Project Update 03: The Subzone (Testing Animations)

I found myself growing interested in creating an ecosystem of sorts in the Subzone. The errors, glitches and maybe even the textures could have a life of their own. I came across the following video where apparently the movements of  “creatures” were not predetermined (i.e. they moved based on algorithms). The way they kept bumping into each other and the little accidents happening among them was something that fascinated me a lot. Once I have locked down the rest of the environment in place in the virtual space, I could probably attempt to create looped animations of blocks of error codes which literally move through space and interact with the viewer.

I have started creating a YouTube playlist dedicated to Unity and started collecting tutorials and workarounds. Having a playlist curated will come in handy when I need to refer back to a particular video or process for reference.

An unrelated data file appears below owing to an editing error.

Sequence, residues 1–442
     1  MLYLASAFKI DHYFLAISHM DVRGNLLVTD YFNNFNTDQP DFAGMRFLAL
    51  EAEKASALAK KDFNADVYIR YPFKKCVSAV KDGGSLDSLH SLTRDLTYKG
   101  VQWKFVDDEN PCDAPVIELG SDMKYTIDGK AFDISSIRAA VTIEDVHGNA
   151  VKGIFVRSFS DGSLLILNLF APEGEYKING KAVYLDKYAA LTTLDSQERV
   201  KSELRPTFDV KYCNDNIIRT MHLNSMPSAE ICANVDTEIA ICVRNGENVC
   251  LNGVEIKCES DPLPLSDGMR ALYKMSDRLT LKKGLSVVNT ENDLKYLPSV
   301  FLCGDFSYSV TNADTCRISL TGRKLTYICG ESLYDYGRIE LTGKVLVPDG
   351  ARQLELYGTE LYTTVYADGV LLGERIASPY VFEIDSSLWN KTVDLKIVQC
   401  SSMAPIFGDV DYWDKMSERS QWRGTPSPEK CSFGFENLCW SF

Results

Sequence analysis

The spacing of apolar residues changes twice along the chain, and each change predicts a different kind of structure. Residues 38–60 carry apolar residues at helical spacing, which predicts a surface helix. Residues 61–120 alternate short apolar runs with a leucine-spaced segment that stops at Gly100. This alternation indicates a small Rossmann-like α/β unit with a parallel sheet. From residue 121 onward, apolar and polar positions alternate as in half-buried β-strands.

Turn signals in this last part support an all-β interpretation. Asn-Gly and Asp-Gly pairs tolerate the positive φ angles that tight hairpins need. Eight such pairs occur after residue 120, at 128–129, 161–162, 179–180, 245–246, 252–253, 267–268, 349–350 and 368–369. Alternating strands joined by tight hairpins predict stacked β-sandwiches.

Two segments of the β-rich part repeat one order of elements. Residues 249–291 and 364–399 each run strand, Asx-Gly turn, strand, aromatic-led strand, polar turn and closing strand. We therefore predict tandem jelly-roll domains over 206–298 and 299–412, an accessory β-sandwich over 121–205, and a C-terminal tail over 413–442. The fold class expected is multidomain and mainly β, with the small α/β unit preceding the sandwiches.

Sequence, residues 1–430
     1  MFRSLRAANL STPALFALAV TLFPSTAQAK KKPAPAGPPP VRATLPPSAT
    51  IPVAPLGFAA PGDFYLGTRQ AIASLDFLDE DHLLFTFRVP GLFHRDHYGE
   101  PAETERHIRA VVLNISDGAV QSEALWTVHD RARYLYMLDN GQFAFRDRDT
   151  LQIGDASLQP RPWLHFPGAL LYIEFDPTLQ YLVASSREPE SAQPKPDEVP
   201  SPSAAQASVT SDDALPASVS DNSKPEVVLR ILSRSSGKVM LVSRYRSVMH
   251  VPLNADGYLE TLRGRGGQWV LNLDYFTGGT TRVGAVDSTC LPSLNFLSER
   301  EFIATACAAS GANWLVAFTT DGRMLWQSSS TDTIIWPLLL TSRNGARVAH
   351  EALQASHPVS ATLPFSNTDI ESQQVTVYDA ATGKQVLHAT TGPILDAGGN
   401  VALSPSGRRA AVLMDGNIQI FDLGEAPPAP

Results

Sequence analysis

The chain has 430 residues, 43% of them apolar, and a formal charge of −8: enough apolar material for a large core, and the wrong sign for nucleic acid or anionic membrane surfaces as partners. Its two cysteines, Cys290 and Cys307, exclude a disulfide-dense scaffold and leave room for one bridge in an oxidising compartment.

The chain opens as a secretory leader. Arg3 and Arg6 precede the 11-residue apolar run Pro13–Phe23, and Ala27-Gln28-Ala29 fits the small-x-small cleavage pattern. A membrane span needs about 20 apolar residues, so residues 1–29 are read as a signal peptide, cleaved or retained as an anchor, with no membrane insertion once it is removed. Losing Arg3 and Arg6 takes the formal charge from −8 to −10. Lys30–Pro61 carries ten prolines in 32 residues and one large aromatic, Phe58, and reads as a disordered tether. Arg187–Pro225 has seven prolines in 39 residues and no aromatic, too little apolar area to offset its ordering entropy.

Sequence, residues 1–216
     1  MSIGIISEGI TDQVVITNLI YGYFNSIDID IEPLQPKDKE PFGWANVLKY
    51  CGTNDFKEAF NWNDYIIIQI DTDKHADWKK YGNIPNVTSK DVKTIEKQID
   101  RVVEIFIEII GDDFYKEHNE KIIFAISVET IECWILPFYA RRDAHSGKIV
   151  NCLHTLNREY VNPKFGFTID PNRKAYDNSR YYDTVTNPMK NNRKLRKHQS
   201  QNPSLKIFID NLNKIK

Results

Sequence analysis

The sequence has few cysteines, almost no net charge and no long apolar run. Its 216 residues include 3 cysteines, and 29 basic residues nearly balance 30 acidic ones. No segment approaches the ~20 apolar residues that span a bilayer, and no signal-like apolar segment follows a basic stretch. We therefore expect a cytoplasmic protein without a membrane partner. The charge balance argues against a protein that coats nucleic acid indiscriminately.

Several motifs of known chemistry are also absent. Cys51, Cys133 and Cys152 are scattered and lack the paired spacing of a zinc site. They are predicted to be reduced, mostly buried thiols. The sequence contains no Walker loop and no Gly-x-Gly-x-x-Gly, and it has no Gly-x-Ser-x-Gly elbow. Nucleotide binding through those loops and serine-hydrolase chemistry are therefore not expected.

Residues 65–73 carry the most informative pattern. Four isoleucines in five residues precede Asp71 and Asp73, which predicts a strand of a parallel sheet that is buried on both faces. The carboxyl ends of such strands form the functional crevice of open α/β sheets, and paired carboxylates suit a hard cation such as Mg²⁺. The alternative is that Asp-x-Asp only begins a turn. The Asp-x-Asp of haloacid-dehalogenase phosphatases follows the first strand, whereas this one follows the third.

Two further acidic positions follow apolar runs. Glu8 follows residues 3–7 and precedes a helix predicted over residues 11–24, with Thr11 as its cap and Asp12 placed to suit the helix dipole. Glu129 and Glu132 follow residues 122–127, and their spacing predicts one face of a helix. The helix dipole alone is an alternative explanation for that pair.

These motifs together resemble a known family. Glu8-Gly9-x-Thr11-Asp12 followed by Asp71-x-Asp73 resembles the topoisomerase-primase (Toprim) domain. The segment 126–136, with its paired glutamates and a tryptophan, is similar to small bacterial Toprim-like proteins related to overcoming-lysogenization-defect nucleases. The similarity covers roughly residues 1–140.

Screenshot of my YouTube playlist in progress

The following below are some examples of animation work done in Maya, which will be exported to Unity as .fbx files. One thing I discovered a bit later on was that Unity does not support vertice animation, and I will be keeping this in mind while continuing the work on the project.

anim_01 maya_anim02

Screen shot 2014-03-18 at PM 07.14.53

Project Update 02: The Subzone (Simple Test)

I have been trawling through online forums to find a working embed code which will allow me to put up a test demo Unity scene within a blogpost on Tumblr. I had considered perhaps shortening the Dropbox url using goo.gl or bit.ly and putting that link out as a main landing page. But the downside is, that it would just land the user on a blank white page with the scene loading in the middle. It would be a waste of screen space as only the Unity scene would be there and nothing else. By having it on a site like Tumblr, I could place hyperlinks and buttons at the side to draw the viewer in to check out more details about what they were interacting with.